As we approach the end of a tumultuous 2011, it's time to look back on the year that was.
Few, if any, industries had a worse 2011 than the big banks. Check out the carnage (and remember that the S&P 500 was basically flat after factoring in dividends).
Price-to-Tangible Book Value
Bank of America
Source: S&P Capital IQ. Return includes dividends.
None of these seven largest U.S. banks is leaving 2011 unscathed. US Bancorp and Wells Fargo, the two least Wall Street-y banks, came closest.
To recap the news this year, pretty much every negative macroeconomic event batters the banking stocks because they're players in so much of the economy, both domestic and foreign:
- They're all still recovering from the housing-bubble burst. When we hear about subprime lending, liar loans, derivatives run amok, poor documentation, and the need for better regulation, it's largely this group.
- In August, the U.S. lost its AAA debt rating while Congress played politics instead of fixing the budget. If you look at the stock charts for these banks, you can see the effect of this added friction and uncertainty.
- European sovereign-debt problems become problems for U.S. banking stocks because (1) the global financial system is increasingly tied together and (2) investors are having a hard time determining exactly how much direct European exposure the largest banks have.
- To expand on that last point, the U.S. financial crisis highlighted how opaque bank balance sheets can be (and how much stuff banks can hide off the balance sheet). This forces investors to assume the worst.
On the plus side, all the banks except Bank of America have been able to profit off cheap interest rates (thanks to the Fed) and high trading volume. That's why you see some low P/E ratios in this group. But much of that profitability is fleeting, especially if regulations cramp their style.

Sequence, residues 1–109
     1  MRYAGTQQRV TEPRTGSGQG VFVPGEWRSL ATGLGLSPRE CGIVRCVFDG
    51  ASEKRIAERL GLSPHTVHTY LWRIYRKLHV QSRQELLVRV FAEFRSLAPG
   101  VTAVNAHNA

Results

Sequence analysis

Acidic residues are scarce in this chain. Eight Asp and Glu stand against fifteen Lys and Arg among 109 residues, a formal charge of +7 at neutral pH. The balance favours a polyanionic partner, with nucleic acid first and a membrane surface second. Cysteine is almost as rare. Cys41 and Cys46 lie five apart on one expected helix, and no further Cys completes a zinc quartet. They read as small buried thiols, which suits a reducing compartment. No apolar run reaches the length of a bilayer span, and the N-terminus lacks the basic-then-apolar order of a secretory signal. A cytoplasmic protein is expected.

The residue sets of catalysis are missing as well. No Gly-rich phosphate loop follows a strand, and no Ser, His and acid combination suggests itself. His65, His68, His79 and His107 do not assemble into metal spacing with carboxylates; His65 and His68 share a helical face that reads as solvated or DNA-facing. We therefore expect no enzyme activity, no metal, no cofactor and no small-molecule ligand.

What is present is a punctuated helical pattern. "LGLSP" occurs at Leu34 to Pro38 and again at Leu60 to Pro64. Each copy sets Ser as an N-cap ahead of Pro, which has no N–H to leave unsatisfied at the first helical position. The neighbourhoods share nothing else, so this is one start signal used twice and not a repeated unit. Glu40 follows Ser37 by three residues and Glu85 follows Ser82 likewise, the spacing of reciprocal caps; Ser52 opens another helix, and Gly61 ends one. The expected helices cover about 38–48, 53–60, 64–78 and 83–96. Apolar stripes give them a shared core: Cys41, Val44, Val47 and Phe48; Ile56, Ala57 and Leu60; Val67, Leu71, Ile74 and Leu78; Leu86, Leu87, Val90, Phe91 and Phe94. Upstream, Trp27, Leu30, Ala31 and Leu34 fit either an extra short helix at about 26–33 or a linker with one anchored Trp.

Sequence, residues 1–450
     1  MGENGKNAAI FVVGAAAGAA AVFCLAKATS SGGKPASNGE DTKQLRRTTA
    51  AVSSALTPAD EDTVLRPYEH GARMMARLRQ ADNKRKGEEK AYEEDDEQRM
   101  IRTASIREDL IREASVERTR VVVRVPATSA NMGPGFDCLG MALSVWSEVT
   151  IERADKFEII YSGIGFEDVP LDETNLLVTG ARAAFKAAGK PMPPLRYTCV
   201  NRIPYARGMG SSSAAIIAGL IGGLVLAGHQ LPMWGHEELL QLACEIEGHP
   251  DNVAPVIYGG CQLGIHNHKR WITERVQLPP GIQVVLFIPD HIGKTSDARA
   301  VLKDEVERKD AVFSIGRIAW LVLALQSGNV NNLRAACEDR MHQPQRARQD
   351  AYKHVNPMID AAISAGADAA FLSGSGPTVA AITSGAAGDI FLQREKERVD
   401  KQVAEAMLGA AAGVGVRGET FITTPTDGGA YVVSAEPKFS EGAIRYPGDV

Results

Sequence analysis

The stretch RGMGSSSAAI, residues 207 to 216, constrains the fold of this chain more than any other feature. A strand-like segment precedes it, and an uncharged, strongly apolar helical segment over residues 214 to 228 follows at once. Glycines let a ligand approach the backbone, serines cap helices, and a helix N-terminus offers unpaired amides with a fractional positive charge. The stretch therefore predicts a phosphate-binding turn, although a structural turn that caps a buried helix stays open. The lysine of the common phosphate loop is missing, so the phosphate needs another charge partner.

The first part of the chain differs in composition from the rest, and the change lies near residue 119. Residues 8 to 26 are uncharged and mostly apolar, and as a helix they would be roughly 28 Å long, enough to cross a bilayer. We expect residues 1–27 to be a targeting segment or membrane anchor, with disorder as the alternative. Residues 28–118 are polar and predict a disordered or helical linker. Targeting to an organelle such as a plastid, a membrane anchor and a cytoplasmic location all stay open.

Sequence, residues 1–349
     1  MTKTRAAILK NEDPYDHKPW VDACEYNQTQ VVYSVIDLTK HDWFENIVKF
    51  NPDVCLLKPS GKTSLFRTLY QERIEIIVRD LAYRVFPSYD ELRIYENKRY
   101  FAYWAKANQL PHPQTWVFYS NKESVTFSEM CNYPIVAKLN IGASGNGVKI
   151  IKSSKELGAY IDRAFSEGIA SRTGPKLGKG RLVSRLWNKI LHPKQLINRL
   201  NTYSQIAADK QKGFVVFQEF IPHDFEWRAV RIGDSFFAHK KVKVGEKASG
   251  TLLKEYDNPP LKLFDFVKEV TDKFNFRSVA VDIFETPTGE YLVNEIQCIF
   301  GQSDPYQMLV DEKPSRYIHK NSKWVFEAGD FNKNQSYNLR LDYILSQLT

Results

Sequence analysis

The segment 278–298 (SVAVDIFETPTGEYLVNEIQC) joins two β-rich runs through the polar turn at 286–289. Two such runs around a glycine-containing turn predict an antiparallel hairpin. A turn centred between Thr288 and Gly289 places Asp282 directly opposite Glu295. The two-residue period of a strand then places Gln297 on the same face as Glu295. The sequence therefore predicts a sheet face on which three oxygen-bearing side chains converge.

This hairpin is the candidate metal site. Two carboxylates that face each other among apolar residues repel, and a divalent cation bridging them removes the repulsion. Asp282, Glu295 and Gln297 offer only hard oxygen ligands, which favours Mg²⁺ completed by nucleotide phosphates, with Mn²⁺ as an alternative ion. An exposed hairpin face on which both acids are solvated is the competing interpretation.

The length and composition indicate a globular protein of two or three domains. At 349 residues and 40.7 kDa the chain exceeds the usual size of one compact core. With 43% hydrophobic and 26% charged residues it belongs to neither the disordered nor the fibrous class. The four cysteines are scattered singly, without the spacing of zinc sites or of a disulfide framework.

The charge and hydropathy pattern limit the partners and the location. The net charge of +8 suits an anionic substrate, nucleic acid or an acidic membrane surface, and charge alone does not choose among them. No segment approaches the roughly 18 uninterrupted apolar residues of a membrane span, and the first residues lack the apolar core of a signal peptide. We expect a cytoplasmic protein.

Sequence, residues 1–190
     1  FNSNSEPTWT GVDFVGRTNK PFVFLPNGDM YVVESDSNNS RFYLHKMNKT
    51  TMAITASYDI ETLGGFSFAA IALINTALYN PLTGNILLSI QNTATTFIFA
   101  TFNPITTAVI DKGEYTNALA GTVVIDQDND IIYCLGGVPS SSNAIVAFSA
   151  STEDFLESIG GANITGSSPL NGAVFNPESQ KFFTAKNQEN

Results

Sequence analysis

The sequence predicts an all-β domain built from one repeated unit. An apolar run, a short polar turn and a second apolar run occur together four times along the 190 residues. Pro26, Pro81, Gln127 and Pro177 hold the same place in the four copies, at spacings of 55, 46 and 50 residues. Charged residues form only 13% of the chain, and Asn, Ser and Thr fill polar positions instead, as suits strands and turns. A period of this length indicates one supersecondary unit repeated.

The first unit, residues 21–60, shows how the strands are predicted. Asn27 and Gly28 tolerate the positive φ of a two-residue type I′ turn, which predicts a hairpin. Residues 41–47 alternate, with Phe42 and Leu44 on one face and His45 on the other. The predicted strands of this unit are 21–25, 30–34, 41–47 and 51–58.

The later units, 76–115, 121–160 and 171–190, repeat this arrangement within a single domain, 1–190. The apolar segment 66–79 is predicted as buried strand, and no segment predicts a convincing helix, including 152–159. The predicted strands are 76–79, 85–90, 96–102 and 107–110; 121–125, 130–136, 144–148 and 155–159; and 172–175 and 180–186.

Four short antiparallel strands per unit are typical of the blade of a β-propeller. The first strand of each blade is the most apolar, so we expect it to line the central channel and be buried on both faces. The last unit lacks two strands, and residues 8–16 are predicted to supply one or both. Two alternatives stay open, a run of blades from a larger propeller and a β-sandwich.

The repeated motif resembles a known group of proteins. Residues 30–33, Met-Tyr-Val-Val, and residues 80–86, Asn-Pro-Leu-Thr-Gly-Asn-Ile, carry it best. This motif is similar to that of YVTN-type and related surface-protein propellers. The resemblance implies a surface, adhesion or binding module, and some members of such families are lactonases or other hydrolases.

But this is more a balance-sheet tale than an income-statement tale.
When you go down the table from best-performing to worst-performing, you see a rough order of the likelihood of exposure to shaky lending and derivatives. US Bank and Wells Fargo are mostly regular old banks. JPMorgan is a hybrid Main Street and Wall Street bank that weathered the crisis better than the remaining four largely because of the leadership of Jamie Dimon.
Bank of America and Citigroup are also hybrids, but they've been proving to be the weakest of the herd. Citi did it organically, while Bank of America had help with its Countrywide acquisition. You can see the fear in their tiny price-to-tangible-book values, both half what JPMorgan gets.
Meanwhile, Goldman and Morgan Stanley are the only two full-fledged Wall Street megabanks left.
I see value in this uncertainty. The market is definitely valuing these banks on fear. And a lot of it is justified. Investing in these banks (especially as you go down the list) takes a leap of faith that the balance sheets can't be that bad. It may even require some faith that the government would bail them out again without destroying common shareholders if need be.
Investing in the largest banks isn't for the faint of heart. Fortunately, there is an alternative if you like bank stocks. Smaller regional banks are generally a lot simpler. Like US Bank and Wells Fargo, they mostly stick to taking in deposits and lending. Smaller bank stocks are by no means easy to decipher, but they're a heck of a lot more transparent than the Wall Street banks.
If you're looking for a good smaller bank to consider, I wrote a free report called "The Stocks Only the Smartest Investors Are Buying." It details a regional bank with some of the best operating metrics I've ever seen. I invite you to take a free copy. Find out the name of the bank I believe Buffett would be interested in if he still had the financial flexibility to invest in small banks.